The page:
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Tony: The first time Cranston got in the chair he had it on top speed and he was headed towards the wall. We thought he was going to crash but he didn’t! And on a quick note, the first day we meet Bryan Cranston, Joe calls him “Bry”, he’s known him 30 seconds and he’s calling him Bry! But we all know Joe’s best friends with everybody!

 


 

The Result

Joe: We were there every day. And they knew that in our industry you can’t have someone portray someone, a person with C3 quadriplegia in a wheelchair, and not be authentic. They knew that and they depended on us every day to make sure that we helped them be able to get through everything they needed to get through. They spent a day at Kessler Rehab, they spent a day at Mount Sinai, they had therapists on the set. I mean this was as authentic as it could get. So, I think with the chairs that we did and the way that he drove, he absolutely owned that role. And Bryan Cranston is that kind of person.

We really worked hard for them to make sure everything was right. So, I thought, “I’ve earned it, is there a way that I can be in the movie?” Then we were sitting in the audience one day and it was hysterical, they asked, “Does anyone have professional dance experience?” My hand went up, “I do!” This opened the door and I jumped in any scene I could. They had to stop the dancing scene five times and tell me “Joe this scene isn’t about you dancing, it’s about Kevin Hart and Nicole Kidman dancing!” So, I had quite a prominent part in the movie! Look for us at the opera scene, and you’ll see me as a stroller in the birthday party scene. That just means I’ll be walking across the room to break up the monotony of the scene. Be sure look for us!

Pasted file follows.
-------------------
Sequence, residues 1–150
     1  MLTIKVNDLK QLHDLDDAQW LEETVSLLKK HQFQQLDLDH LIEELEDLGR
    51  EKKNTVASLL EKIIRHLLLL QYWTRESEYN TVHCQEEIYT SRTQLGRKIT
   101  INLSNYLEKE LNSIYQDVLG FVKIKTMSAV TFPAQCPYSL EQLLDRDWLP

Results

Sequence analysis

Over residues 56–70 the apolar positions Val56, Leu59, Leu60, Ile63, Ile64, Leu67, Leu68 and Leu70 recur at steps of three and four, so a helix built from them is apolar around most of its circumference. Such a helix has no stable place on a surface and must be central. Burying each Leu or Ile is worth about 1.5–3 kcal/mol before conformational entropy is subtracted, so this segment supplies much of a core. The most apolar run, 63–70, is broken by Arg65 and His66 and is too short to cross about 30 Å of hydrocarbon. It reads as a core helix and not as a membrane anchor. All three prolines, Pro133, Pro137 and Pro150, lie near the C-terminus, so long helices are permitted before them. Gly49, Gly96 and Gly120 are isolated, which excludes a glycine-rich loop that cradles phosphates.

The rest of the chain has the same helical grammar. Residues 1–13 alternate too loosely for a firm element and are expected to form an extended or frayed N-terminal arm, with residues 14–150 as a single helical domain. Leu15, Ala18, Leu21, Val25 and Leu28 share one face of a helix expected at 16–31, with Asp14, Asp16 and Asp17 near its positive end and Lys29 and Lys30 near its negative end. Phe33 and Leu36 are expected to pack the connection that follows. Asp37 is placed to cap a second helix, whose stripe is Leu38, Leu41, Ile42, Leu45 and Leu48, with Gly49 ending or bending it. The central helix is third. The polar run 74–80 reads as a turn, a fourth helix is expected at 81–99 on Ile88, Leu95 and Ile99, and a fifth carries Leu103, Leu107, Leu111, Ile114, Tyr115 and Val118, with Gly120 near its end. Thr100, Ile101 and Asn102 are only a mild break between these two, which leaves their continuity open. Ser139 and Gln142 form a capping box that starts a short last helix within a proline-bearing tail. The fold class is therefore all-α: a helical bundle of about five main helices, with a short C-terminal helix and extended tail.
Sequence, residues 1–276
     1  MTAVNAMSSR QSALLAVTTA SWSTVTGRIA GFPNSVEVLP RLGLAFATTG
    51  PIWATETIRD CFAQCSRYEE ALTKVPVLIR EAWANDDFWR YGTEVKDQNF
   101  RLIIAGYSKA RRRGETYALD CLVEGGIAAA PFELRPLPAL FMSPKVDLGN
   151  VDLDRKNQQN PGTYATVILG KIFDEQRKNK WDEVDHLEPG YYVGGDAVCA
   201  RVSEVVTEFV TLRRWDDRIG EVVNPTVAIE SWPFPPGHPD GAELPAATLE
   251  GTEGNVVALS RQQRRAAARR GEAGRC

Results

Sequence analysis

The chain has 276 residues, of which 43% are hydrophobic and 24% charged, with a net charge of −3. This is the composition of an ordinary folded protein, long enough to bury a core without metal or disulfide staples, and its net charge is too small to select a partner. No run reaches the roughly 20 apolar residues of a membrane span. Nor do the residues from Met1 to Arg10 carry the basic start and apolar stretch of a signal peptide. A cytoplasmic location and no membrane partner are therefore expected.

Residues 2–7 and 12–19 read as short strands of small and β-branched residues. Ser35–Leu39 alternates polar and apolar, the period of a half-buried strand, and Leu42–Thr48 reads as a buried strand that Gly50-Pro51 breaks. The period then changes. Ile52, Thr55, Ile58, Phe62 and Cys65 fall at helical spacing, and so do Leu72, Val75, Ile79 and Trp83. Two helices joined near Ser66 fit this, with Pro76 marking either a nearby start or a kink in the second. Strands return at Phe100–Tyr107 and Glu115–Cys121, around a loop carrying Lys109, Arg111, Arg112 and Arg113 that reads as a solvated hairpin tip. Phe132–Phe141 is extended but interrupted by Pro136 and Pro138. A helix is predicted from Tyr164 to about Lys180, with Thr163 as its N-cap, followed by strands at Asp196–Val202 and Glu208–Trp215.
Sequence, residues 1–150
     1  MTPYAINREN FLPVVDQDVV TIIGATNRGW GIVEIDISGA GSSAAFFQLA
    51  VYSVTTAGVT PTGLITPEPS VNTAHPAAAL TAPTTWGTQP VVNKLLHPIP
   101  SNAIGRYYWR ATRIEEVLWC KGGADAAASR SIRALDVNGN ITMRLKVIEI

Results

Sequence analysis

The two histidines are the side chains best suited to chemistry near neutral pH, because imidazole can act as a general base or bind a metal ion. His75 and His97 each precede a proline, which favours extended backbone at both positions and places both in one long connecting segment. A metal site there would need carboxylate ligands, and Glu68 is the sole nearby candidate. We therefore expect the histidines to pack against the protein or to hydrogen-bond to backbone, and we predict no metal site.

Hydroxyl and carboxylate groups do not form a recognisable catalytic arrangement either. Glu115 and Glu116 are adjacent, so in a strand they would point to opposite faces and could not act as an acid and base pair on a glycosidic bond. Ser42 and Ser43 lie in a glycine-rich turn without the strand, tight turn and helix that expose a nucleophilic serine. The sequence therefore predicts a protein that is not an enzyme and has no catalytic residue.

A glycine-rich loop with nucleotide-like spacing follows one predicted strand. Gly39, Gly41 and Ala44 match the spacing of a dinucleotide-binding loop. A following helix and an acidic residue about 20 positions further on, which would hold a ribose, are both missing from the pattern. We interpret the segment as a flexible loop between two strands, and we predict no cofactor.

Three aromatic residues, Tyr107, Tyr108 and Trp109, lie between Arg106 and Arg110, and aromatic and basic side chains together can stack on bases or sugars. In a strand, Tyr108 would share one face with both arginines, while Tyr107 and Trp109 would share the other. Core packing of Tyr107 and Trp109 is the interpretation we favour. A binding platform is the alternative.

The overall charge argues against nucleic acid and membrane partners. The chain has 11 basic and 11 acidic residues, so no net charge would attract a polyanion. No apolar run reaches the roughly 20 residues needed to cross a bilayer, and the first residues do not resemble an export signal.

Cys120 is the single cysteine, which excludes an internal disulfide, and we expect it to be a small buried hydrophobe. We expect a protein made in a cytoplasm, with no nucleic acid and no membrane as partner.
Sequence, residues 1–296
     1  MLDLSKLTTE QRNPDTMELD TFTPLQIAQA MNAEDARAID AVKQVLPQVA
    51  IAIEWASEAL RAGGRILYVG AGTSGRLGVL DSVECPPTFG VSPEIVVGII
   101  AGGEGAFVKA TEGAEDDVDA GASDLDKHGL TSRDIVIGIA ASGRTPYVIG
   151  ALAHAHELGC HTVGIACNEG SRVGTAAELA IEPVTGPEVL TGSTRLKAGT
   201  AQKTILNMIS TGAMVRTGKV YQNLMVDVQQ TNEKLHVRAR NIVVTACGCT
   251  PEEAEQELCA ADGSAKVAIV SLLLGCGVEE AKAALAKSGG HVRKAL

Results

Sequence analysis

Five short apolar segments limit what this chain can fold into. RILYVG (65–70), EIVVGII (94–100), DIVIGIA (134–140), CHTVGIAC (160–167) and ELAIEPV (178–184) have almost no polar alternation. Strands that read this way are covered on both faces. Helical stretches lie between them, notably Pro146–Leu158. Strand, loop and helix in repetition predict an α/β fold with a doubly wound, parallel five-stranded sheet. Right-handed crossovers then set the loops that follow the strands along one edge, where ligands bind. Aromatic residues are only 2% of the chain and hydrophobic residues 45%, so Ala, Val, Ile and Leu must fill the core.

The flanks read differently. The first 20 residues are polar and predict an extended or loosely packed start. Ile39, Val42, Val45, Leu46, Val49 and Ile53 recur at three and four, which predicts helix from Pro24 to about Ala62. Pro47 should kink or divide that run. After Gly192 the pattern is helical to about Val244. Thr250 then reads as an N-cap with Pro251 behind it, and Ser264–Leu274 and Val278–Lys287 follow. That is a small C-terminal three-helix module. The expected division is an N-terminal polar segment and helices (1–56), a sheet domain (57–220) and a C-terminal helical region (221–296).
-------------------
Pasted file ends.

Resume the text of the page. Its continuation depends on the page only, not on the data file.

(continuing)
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We worked hard for them and we could tell they looked at Permobil differently when we were finished. They knew that we had done so much to make that movie special. You’ll see the entire Permobil family: Permobil, TiLite, ROHO, we are all over the movie.


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Stacey Mullis, OTR/ATP
Director of Clinical Marketing

Stacey serves as Director of Clinical Marketing for Permobil. A practicing OTR for over 20 years, she has experience in school-based pediatrics, inpatient rehabilitation, long term care, and home health. With her interest in wheelchair seating and positioning, Stacey engaged the challenges of providing appropriate seating in various clinical settings. She now uses this experience to develop programs and resources to educate clinicians on the principles of seating and wheeled mobility. She is passionate about equipping clinicians and through her previous role as Director of Clinical Education with Comfort Company and now with Permobil she has taught nationally and internationally to increase therapist capacity in this specialty area. Mullis graduated from Western University in London, Ontario, Canada with a BA Linguistics and BSc Occupational Therapy. She is a member of the NCOTA, CTF Executive Board, NRRTs, RESNA, and AOTA.

Categories: Industry News, wheelchair positioning, power wheelchair